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2016 U.S. Presidential Campaign: Jeb Bush

John Ellis “Jeb” Bush is a former Governor of Florida, who sought the Republican party's presidential nomination during the 2016 election. He is the second son of 41st U.S. President George Bush sr, and brother of 43rd U.S. President George Bush jr.

Jeb was born in Midland, Texas on February 11, 1953, and is seven years younger than his brother George. At age 17, Bush travelled to Mexico and taught English to poverty-stricken children on an exchange program from his boarding school in Massachusetts. While there, he was introduced to his future wife. Jeb registered for the Vietnam war draft upon returning to the United States, but his number was not chosen.

Although much of his family had attended Yale University Jeb decided to attend the University of Texas at Austin, where he completed a Bachelor's degree in Latin American Studies in only five semesters. Jeb began a career at Texas Commerce Bank after college, and in 1977 was transfered to Venezuela where he opened a new branch of the bank and served as the branch manager. Jeb Bush moved back to the United States and started working in real estate in Miami, Florida, after his father was elected Ronald Reagan's Vice President in 1980.

Bush worked for his father and Reagan's campaign in 1980 and got involved in politics himself a few years later, when he served as chairman of the Miami-Dade County Republican Party. From this position he was eventually appointed Florida's Secretary of Commerce, but resigned after two years to work on his father's presidential campaign.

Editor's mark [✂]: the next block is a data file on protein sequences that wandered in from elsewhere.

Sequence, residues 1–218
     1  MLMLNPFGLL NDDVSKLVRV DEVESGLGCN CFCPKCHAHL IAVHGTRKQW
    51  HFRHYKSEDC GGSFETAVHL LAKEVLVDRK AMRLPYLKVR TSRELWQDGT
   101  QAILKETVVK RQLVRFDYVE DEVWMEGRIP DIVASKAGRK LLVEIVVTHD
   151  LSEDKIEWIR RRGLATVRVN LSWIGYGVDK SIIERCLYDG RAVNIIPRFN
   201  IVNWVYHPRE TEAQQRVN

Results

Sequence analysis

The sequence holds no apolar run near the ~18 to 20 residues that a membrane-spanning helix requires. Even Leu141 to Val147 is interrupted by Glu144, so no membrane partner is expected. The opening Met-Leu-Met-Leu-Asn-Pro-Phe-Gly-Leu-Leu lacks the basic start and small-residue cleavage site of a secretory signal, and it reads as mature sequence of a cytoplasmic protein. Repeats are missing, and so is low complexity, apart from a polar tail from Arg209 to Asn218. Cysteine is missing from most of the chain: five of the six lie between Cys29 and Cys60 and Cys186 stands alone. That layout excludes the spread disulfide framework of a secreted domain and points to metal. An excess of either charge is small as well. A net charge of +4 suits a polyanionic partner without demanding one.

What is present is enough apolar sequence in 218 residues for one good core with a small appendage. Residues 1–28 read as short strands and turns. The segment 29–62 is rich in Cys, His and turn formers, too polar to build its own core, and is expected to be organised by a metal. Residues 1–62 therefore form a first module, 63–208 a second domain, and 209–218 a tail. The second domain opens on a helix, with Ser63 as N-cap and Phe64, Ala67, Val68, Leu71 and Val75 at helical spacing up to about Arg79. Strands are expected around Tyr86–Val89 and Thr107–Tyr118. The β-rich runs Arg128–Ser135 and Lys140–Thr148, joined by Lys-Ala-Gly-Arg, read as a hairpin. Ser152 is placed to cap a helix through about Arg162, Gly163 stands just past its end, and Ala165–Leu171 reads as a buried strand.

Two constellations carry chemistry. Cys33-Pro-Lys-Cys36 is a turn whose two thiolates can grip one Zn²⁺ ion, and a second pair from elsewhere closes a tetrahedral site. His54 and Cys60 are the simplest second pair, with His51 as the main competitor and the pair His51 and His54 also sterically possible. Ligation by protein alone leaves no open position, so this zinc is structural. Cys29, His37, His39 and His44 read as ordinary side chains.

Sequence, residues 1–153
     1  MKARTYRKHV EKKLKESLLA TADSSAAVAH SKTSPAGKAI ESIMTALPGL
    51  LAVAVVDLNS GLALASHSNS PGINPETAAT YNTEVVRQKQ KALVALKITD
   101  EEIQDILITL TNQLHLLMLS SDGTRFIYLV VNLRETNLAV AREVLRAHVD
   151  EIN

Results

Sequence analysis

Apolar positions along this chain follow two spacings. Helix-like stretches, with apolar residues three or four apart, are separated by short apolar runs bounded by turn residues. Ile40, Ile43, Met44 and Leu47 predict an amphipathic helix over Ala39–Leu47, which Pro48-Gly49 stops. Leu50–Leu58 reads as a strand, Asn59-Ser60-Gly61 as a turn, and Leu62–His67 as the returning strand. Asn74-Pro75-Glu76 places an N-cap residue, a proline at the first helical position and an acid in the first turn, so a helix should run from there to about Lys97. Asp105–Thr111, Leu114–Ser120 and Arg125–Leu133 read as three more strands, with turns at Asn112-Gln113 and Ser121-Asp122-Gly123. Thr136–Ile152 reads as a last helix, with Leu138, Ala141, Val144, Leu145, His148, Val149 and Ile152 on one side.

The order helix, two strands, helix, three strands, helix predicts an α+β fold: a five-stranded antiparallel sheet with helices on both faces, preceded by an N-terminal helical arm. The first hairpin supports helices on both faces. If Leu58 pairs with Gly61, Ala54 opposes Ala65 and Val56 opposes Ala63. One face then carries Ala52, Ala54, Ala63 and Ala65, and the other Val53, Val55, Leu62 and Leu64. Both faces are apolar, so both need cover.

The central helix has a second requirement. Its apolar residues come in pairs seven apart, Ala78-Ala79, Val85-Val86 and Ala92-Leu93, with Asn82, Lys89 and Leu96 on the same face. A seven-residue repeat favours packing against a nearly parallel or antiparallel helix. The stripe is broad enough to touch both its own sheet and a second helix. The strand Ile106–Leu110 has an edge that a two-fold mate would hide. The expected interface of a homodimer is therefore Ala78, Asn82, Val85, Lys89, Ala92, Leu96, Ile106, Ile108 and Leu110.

Bush served as the campaign manager for Ileana Ros-Lehtinen's successful Congressional run in 1989. Lehtinen was the first Cuban-American to serve in Congress. In 1994 Jeb launched an unsuccessful campaign for Florida's Governorship, but decided to run again in 1998 and defeated the sitting Lieutenant Governor. He was re-elected in 2002, becoming the state's first ever 2-term Republican Governor. During the 2002 election, Jeb won 44% of Florida's Jewish vote. Jeb Bush was Governor of Florida when his brother George won a hotly contested recount election in 2000 against Al Gore.

As Governor Bush advocated for greater environmental protections, immigration reform, and reforms to the state education system. He instituted a policy of tougher standards for children, increased state testing, and began an assessment program for Florida's public schools. One of his major accomplishments was legislation that restored and protected the Florida everglades. Jeb Bush approved Florida's controversial “stand your ground,” law, and is a vocal opponent of gun restrictions. He is an advocate for capital punishment, opposes same-sex marriage, and is a supporter of the pro-life movement. Bush supports fracking, drilling for oil off the coast of Florida, the Keystone XL pipeline, and has on multiple occasions questioned the scientific legitimacy of the theory of global warming. Jeb has been criticized by members of his own party for not being conservative enough, holding positions on immigration and education that are inconsistent with the party's core.